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Tell Labor: shut down the TPP!

The Labor Party needs stand up for workers, the environment, and democracy at large – and block the Trans-Pacific Partnership now
Right now, the agents of secretive, massive corporations are circling Canberra. And the Labor Party is caving in to their demands.

The Trans-Pacific Partnership would give corporations the power to sue the Government for making policy in the public interest, halt the ability to regulate certain industries, and open the floodgates for the exploitation of vulnerable workers.

But it still has to survive two votes in Parliament, and the crossbench is almost totally united against this trade deal – which Senator Whish-Wilson describes as "an assault on democracy."

Labor says they don't like parts of the deal, and will review it if elected. But we shouldn't have to renegotiate a deal that it's not too late to stop. It's, at best, totally backwards and, at worst, a dishonest promise to dodge public backlash.

They can and must do the right thing, right now.

If we come together, we can put the Labor Party on notice, and demand they stand up for workers, stand up for the environment, stand up for democracy, and stop this trade deal in its tracks.

Will you write to your Labor representative and tell them to kill off the Trans-Pacific Partnership?
The Trans-Pacific Partnership includes Investor State Dispute Settlement (ISDS) provisions, granting companies the power to sue the Australian Government for decisions that adversely impact on their investments in Australia. Worst of all, these cases would be played out in private international panels that only corporations have access to.

Under similar provisions, French waste and water giant Veolia tried to sue Egypt when they raised the national minimum wage and damaged their profit margins. Historically, ISDS has been used by big business to challenge policy to protect the environment, health policy, and work conditions.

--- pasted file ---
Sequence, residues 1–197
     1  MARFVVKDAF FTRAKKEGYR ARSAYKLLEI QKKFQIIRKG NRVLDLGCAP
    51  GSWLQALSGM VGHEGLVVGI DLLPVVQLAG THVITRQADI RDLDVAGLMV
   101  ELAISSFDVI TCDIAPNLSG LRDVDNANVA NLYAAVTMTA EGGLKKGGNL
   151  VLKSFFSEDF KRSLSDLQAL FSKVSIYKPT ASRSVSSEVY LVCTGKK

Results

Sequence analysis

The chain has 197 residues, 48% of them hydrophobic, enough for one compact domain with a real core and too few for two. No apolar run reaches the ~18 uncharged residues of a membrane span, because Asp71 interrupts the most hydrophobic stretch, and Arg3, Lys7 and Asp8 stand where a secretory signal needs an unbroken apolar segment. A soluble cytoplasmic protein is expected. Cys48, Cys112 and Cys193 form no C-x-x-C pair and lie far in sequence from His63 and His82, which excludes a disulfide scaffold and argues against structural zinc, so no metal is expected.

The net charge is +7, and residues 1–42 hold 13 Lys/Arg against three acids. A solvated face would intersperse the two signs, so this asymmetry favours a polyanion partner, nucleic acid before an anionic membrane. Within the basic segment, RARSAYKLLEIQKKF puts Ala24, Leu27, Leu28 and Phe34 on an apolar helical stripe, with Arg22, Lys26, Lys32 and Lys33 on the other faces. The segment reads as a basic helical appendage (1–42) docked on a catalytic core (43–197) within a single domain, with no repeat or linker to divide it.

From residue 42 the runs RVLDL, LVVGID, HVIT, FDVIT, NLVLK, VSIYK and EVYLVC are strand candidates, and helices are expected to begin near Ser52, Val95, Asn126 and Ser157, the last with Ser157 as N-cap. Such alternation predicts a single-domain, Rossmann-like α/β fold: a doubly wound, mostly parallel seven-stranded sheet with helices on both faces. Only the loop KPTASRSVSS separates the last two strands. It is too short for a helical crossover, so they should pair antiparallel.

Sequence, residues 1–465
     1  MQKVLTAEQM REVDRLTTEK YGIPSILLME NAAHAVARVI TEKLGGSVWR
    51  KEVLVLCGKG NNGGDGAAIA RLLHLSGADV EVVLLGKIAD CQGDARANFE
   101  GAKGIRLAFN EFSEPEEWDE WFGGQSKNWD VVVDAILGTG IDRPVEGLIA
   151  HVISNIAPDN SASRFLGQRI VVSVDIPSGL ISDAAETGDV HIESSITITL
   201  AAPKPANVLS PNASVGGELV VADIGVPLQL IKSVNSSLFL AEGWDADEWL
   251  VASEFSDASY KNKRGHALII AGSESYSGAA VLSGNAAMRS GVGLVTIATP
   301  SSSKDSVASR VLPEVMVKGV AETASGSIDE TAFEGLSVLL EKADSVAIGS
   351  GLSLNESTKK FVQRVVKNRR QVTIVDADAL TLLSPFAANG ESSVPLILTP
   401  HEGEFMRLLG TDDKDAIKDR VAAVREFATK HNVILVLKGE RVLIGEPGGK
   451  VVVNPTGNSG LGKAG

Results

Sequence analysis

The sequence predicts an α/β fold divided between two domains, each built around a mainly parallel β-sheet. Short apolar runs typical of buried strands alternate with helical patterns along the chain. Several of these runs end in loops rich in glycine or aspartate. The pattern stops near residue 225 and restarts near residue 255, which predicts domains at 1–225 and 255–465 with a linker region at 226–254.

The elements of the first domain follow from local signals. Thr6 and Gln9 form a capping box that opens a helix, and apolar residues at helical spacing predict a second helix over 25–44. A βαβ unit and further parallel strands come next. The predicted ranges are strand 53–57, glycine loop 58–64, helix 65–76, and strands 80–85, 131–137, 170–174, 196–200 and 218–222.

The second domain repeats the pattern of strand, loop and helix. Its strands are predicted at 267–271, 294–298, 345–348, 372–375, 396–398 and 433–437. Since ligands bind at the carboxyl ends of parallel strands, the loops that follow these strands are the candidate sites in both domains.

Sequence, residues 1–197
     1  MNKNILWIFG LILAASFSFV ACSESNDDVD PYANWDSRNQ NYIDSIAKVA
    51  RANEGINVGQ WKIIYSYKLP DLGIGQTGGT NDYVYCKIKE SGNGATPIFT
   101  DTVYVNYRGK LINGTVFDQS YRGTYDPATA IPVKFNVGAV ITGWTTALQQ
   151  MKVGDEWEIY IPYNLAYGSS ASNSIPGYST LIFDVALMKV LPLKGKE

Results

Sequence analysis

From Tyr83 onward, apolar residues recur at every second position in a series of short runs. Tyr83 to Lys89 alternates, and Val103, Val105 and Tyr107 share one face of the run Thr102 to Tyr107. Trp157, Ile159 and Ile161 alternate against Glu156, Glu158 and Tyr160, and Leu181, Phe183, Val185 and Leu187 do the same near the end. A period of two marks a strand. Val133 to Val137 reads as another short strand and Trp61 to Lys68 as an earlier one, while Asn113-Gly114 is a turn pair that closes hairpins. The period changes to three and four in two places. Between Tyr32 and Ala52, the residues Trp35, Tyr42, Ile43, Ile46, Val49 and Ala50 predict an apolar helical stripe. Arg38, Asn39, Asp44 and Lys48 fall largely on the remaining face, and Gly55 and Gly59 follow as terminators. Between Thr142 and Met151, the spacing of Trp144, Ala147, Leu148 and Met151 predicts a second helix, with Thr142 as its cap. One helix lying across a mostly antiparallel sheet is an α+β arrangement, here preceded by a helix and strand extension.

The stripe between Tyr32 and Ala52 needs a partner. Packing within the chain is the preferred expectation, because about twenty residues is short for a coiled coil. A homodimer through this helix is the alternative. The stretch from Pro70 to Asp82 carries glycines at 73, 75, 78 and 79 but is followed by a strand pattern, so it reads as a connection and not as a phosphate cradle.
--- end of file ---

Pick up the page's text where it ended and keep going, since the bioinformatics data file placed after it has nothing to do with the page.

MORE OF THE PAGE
For more on the potential dangers of ISDS provisions, see ABC Radio National's story here.
Rather than killing the TPP here and now, Labor's wager is that they can worry about "reviewing" trade deals if and after they form government at the next election. But the stakes are too high. This trade deal was forged in secret by massive corporations, and The ALP is gambling with ordinary people's access to democracy and secure employment.

They can and must do the right thing, now.
The TPP removes the need for labour-market testing, which means corporations are incentivised to undercut the labour market regulations that promise dignity to us all in the workplace. It would help corporations increase their reliance on vulnerable workers, and encourage businesses to weaponise visa controls to trap people in exploitative conditions.

Tell your Labor Senator: Shut down the TPP!

A letter to your representative is most impactful in your own words. You should feel comfortable changing the subject line and including how you feel.

Just be sure to tell them you want them to vote against the Customs Amendment (Comprehensive and Progressive Agreement for Trans-Pacific Partnership Implementation) Bills 2018.


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The TPP was drafted more or less in secret by vested interests. It represents a further transfer of power into the hands of super-profitable global business at the expense of ordinary people and the governments that represent them. It threatens all policy that is in the public interest, but not profitable, and that is no way for a society to function.
The TPP's removal of labour-market testing means corporations are further incentivised to undercut the regulations that promise dignity in the workplace and fair working conditions to us all. It would help corporations increase their reliance on vulnerable workers, and encourage businesses to weaponise visa controls to trap people in exploitative conditions.
Historically, ISDS provisions have been weaponised by extractive industries to challenge environmental protections. Lone Pine Resources is suing Canada to challenge the national moratorium on fracking under ISDS provisions in NAFTA. Canada also lost a case against Bilcon, who challenged the Environmental Protection Act on the grounds that it stopped their plans for a new port and quarry. These are not examples we want to see in Australia. The government should not be punished for protecting the planet from extractive industries.
The Labor Party clearly understands what's at stake – it's no doubt why the party has vowed to "review" trade deals with ISDS provisions if elected. But why renegotiate a bad trade deal once it's in effect when you can stop it in its tracks now? This distant promise is to gamble with the livelihoods and democratic power of everyday people. It's not good enough to promise to review trade deals once (or if) in government. Right now, you have the opportunity shut down the TPP, and it's in our best interests that you do.
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